On Some Fundamental Issues in 21st Century Political Economy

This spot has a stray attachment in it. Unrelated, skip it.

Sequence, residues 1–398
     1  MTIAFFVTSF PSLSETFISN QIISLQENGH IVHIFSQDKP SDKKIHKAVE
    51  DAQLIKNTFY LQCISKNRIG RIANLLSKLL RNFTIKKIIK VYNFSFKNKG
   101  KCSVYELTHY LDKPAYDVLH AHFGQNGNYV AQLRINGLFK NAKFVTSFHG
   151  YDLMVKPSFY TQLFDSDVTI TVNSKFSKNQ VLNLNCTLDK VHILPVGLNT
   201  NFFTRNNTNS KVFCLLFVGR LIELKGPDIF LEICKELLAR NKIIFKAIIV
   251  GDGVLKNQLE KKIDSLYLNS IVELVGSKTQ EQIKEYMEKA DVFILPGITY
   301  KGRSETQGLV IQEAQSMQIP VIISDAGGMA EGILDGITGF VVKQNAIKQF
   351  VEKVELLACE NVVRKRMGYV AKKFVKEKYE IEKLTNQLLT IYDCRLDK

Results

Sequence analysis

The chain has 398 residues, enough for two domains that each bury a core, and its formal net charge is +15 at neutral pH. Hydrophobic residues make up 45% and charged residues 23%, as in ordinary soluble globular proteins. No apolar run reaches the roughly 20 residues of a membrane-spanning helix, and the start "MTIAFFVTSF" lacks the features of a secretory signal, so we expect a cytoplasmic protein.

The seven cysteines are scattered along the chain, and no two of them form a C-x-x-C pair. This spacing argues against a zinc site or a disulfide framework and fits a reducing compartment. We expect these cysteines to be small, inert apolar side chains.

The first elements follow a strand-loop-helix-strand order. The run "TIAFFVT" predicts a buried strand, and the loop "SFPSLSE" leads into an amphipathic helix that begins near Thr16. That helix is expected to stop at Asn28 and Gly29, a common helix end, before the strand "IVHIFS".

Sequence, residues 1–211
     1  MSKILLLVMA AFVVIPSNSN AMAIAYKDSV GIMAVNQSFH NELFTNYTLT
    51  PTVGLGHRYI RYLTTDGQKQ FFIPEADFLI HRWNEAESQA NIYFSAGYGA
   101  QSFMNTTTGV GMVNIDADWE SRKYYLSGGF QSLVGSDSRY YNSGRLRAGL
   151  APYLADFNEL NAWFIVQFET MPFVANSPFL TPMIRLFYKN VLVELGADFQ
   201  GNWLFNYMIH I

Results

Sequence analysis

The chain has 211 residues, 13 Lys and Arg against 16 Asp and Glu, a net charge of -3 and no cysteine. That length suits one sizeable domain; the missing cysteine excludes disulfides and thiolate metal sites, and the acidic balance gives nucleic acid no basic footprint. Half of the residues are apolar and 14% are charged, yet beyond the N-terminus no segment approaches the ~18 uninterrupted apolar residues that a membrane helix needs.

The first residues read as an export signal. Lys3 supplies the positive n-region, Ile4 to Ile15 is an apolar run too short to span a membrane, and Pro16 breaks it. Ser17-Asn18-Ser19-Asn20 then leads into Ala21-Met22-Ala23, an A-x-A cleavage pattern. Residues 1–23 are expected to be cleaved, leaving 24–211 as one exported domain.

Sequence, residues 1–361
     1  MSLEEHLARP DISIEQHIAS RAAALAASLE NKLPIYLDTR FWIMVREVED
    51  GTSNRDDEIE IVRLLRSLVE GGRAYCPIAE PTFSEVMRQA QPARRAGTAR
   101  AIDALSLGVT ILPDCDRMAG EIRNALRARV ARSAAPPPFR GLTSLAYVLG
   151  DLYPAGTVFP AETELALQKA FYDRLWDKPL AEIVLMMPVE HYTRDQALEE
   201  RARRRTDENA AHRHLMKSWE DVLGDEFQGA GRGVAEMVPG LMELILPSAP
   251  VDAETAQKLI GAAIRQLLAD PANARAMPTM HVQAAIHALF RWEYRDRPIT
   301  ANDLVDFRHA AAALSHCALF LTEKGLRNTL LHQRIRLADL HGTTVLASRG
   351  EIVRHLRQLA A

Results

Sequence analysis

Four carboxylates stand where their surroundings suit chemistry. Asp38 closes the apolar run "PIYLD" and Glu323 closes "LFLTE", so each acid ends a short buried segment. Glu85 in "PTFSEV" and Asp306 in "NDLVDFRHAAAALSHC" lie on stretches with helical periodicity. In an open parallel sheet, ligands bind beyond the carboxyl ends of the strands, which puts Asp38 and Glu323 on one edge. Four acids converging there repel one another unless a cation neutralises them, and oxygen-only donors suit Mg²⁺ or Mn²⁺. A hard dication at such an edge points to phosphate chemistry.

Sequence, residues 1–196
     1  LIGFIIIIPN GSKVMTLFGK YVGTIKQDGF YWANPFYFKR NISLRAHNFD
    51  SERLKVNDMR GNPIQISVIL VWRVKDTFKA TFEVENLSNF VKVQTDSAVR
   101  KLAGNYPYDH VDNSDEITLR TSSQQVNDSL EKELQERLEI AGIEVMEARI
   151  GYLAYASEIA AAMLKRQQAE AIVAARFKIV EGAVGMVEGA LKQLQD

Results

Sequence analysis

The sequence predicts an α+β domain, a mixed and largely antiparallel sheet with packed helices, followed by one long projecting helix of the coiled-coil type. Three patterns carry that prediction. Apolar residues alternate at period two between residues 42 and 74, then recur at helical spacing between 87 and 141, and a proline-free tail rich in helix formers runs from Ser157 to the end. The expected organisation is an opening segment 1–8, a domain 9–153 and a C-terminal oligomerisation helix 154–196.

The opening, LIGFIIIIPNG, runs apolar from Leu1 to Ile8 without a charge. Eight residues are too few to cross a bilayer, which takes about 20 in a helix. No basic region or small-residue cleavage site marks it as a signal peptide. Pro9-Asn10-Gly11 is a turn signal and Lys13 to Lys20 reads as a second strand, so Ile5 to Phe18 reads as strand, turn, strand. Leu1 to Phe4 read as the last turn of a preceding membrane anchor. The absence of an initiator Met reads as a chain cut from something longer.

According to Kenneth Boulding, there are different aspects to economics. For Boulding (1970), economics is simultaneously a social, ecological, behavioral, political, mathematical and moral science. This suggests that there are different ways to do, to study, economics. For me, economics is largely a branch of social theory. Hence, it is necessarily historical. Social theorists today study theorists of the past to help come to grips with and understand present issues and concerns; for similar reasons may contemporary economists study past economic theorists. For Mark Blaug, the ‘knock-down’ argument for studying the history of economic thought is that no ‘idea or theory in economics . . . is ever thoroughly understood except as the end-product of a slice of history, the result of some previous intellectual development’ (2001: 156).1 I agree. Indeed, I consider this present study on a few fundamental, common issues in the work of Aristotle, Adam Smith and Karl Marx to be a study both in the history of economic thought and in contemporary theory. Schumpeter once said, apparently borrowing the phrase from Joan Robinson, that economic theory may be considered to be ‘a box of tools’ (1954: 15). The history of economic thought itself may be considered a tool in that box. When coming upon a problem or issue, it may (indeed most likely will) be helpful to ask: what would Adam Smith (probably) say? What would Aristotle (probably) say? What would Karl Marx (probably) say?2 I realize there is a trend among some in the history of...